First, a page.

Director: Christopher Nolan

Starring: Mathew McConaughey, Anne Hathaway, Michael Caine, Jessica Chastain

Certificate 12

I look forward to some movies the same way that kids look forward to Xmas. The agonising wait, the excitement as it gets nearer, the pretty packaging and finally the day comes and you get to experience the magic. But sometimes that great big present you couldn’t wait to unwrap turns out to be a real disappointment. Interstellar is that present.


Directed by the man who bought us the Dark Knight trilogy, Inception and Memento. Starring three Oscar winners. Award winning screenwriter and composer. What could possibly go wrong? Simply put, dear reader, just about everything. This movie is a mess! It made me think that the production team had spent a weekend bingeing on Sci-fi movies. They watched Gravity, 2001, Contact, Close Encounters and a couple of Star Treks and threw bits of all of them into a blender and this concoction is what came out.

Set in an unspecified time in the future the Earth is rapidly dying from some form of eco disaster that is destroying all the crops.


Cooper (McConaughey) is a widower who lives with his father in law and two children on their farm, eking out a living from the dwindling resources. His son Tom is destined to be a farmer but his 10 year old daughter Murph is a gifted young scientist.

In a dragged out first act it is established how much “Coop” loves his kids and in a totally irrelevant segment where he and the children find a redundant drone aircraft buzzing above them he illustrates how technically adept he is by taking control of the drone with his laptop, landing it and taking it home!


Murph believes her room is being haunted by a poltergeist as books and objects appear to jump off the shelves. During a violent sand storm she runs to her room and finds strange strands of sand appearing vertically before her eyes. When she shows them to Coop he believes the lines to be a binary code giving map co-ordinates which he decides to follow…still with me?

He sets off believing to be alone but Murph stows away in the truck and when they reach the destination it transpires that they have arrived at NASA which appears to have survived as a cottage industry akin to an illegal distillery.

“Space Central” is run by Professor Brand (Michael Caine) who is thrilled to pieces that Coop has “stumbled” onto them as he was previously his star astronaut and needs him to pilot the craft that is going to help save the planet.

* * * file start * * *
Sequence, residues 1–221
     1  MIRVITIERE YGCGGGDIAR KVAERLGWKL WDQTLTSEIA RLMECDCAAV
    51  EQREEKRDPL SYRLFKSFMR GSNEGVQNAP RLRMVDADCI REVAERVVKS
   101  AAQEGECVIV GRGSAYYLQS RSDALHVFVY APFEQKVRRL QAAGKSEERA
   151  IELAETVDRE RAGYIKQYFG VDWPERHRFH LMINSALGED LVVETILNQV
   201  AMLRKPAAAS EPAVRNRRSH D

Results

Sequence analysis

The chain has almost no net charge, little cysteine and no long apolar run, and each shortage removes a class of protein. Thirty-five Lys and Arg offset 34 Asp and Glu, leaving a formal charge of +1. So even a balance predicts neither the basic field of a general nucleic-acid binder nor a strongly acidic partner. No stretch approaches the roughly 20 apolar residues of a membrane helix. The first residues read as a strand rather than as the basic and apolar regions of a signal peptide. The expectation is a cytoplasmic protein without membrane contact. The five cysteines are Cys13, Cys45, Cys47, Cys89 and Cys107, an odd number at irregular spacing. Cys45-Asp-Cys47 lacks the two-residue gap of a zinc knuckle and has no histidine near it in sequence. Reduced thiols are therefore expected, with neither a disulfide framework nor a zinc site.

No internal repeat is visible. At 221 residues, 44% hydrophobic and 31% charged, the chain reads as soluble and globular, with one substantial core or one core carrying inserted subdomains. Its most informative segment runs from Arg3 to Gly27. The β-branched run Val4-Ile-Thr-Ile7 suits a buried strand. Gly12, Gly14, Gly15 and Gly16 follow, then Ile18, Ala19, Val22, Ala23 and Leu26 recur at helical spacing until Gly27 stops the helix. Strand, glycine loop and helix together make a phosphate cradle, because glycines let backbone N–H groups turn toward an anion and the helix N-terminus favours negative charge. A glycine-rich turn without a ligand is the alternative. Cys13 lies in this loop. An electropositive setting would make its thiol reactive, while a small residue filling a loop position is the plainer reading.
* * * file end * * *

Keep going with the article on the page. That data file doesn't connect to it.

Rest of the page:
It was at this point that my faith in the film started to run downhill rapidly. If he needed him that badly why didn’t he just pick up the phone or send an email? What’s even more obscure is that it doesn’t take long for Coop to make up his mind to accept the mission.

Allowing for the fact that you may decide to ignore my review and trust the hype I will not give too much else away except to say that the plot – as it is – relies heavily on the time space continuum, the theory of relativity and quantum physics. None of which I know much about but I do know when science is manipulated drastically just to make a story work.

Suffice to say the mission involves visiting three planets accessible through a worm hole. Previous astronauts have been sent out to ascertain whether life could be sustainable on any of them so that mankind can exist anew beyond our known galaxy. Coop and his crew are meant to rescue the other explorers and return with their data intact. The downside of all this is that time through a worm hole is completely different to that on Earth and it is expected that by the time they return from the mission thirty Earth years will have elapsed.

This film is so convoluted it’s just not true. The dialogue is clunky and at time so clichéd you have to laugh, for example…”Is love the real fifth dimension?”

At sixteen minutes under three hours it is and feels way too long. The space scenes are ok but have all been seen before and are nowhere near as immersive as those in Gravity. The acting is just about passable when you consider the script they are working with and the reveal as to the true nature of Murph’s ghost is so unbelievable I actually felt my eyes rolling. Moreover, the final twenty minute resolution happens without any explanation and begs the question “if they have done that eventually why didn’t they do it in the first place and avoid the entire movie”?

Did I like anything? Well, Hans Zimmer’s score is quite impressive and helps add a degree of tension and atmosphere when there really is very little and the robot, TARS, is the real star of the show. The underlying message of the movie is that family love transcends space and time. Highly commendable but there has to be a better way of getting the message across other than an overlong space opera.

Certainly not one for the kids as it takes itself far too seriously and frankly I think most adults will find it as tedious as I did. I could be wrong and you’ll agree with all those five star reviews that are featured in the ‘ads. If you do please let me know what I missed.

Rating: Two out of five stars

If you liked this you will also like: Gravity, Close Encounters of the Third Kind, Contact, 2001 A Space

Odyssey and Apollo 13.